Nixie tube

The ten digits of a GN-4 Nixie tube.

A Nixie tube (English: / NIK-see), or cold cathode display,[1] is an electronic device for displaying numerals or other information using glow discharge.

Inside a Nixie tube

The glass tube contains a wire-mesh anode and multiple cathodes, shaped like numerals or other symbols. Applying power to one cathode surrounds it with an orange glow discharge. The tube is filled with a gas at low pressure, usually mostly neon and often a little mercury or argon, in a Penning mixture.[2][3]

Although it resembles a vacuum tube in appearance, its operation does not depend on thermionic emission of electrons from a heated cathode. It is therefore called a cold-cathode tube (a form of gas-filled tube), and is a variant of the neon lamp. Such tubes rarely exceed 40 °C (104 °F) even under the most severe of operating conditions in a room at ambient temperature.[4] Vacuum fluorescent displays from the same era use completely different technology—they have a heated cathode together with a control grid and shaped phosphor anodes; Nixies have no heater or control grid, typically a single anode (in the form of a wire mesh, not to be confused with a control grid), and shaped bare metal cathodes.

History

Systron-Donner frequency counter from 1973 with Nixie-tube display

The early Nixie displays were made by a small vacuum tube manufacturer called Haydu Brothers Laboratories, and introduced in 1955[5] by Burroughs Corporation, who purchased Haydu. The name Nixie was derived by Burroughs from "NIX I", an abbreviation of "Numeric Indicator eXperimental No. 1",[6] although this may have been a backronym designed to justify the evocation of the mythical creature with this name. Hundreds of variations of this design were manufactured by many firms, from the 1950s until the 1990s. The Burroughs Corporation introduced "Nixie" and owned the name Nixie as a trademark. Nixie-like displays made by other firms had trademarked names including Digitron, Inditron and Numicator. A proper generic term is cold cathode neon readout tube, though the phrase Nixie tube quickly entered the vernacular as a generic name.

Burroughs even had another Haydu tube that could operate as a digital counter and directly drive a Nixie tube for display. This was called a "Trochotron", in later form known as the "Beam-X Switch" counter tube; another name was "magnetron beam-switching tube", referring to their derivation from a split-anode magnetron. Trochotrons were used in the UNIVAC 1101 computer, as well as in clocks and frequency counters.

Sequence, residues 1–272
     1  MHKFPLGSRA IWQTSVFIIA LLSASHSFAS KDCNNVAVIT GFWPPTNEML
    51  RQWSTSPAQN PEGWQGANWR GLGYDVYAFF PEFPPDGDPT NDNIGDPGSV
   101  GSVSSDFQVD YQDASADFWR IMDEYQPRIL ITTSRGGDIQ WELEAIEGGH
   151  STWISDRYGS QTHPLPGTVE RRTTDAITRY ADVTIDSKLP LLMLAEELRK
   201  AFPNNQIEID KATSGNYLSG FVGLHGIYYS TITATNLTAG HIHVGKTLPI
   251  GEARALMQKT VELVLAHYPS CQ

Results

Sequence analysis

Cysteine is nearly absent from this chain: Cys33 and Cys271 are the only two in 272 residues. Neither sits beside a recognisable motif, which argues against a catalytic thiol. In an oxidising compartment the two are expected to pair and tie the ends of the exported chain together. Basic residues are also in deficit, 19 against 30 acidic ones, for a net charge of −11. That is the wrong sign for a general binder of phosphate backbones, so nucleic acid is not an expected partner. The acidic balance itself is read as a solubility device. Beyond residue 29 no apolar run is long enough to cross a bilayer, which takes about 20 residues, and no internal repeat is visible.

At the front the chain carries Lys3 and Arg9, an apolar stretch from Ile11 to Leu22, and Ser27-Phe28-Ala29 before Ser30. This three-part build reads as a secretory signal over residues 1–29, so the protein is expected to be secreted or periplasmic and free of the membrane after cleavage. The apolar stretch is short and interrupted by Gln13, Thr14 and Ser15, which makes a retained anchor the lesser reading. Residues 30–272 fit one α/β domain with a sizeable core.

The first trochotrons were surrounded by a hollow cylindrical magnet, with poles at the ends. The field inside the magnet had essentially-parallel lines of force, parallel to the axis of the tube. It was a thermionic vacuum tube; inside were a central cathode, ten anodes, and ten "spade" electrodes. The magnetic field and voltages applied to the electrodes made the electrons form a thick sheet (as in a cavity magnetron) that went to only one anode. Applying a pulse with specified width and voltages to the spades made the sheet advance to the next anode, where it stayed until the next advance pulse. Count direction was determined by the direction of the magnetic field, and as such was not reversible. A later form of trochotron called a Beam-X Switch replaced the large, heavy external cylindrical magnet with ten small internal metal-alloy rod magnets which also served as electrodes.

This ИН-19А Nixie tube displays symbols, including % and °C

Glow-transfer counting tubes, similar in essential function to the trochotrons, had a glow discharge on one of a number of main cathodes, visible through the top of the glass envelope. Most used a neon-based gas mixture and counted in base-10, but faster types were based on argon, hydrogen, or other gases, and for timekeeping and similar applications a few base-12 types were available. Sets of "guide" cathodes (usually two sets, but some types had one or three) between the indicating cathodes moved the glow in steps to the next main cathode. Types with two or three sets of guide cathodes could count in either direction. A well-known trade name for glow-transfer counter tubes in the United Kingdom was Dekatron. Types with connections to each individual indicating cathode, which enabled presetting the tube's state to any value (in contrast to simpler types which could only be directly reset to zero or a small subset of their total number of states), were trade named Selectron tubes.

Devices that functioned in the same way as Nixie tubes were patented in the 1930s, and the first mass-produced display tubes were introduced in 1954 by National Union Co. under the brand name Inditron. However, their construction was cruder, their average lifetime was shorter, and they failed to find many applications due to their complex periphery.

Other Languages
català: Tub Nixie
dansk: Nixie-rør
Deutsch: Nixie-Röhre
eesti: Nixie toru
español: Tubo Nixie
français: Tube Nixie
italiano: Nixie
magyar: Nixie-cső
Nederlands: Nixie
日本語: ニキシー管
norsk: Nixierør
português: Tubo de Nixie
slovenčina: Digitrón
svenska: Nixierör
Türkçe: Nixie tüpü
Tiếng Việt: Đèn Nixie
中文: 数码管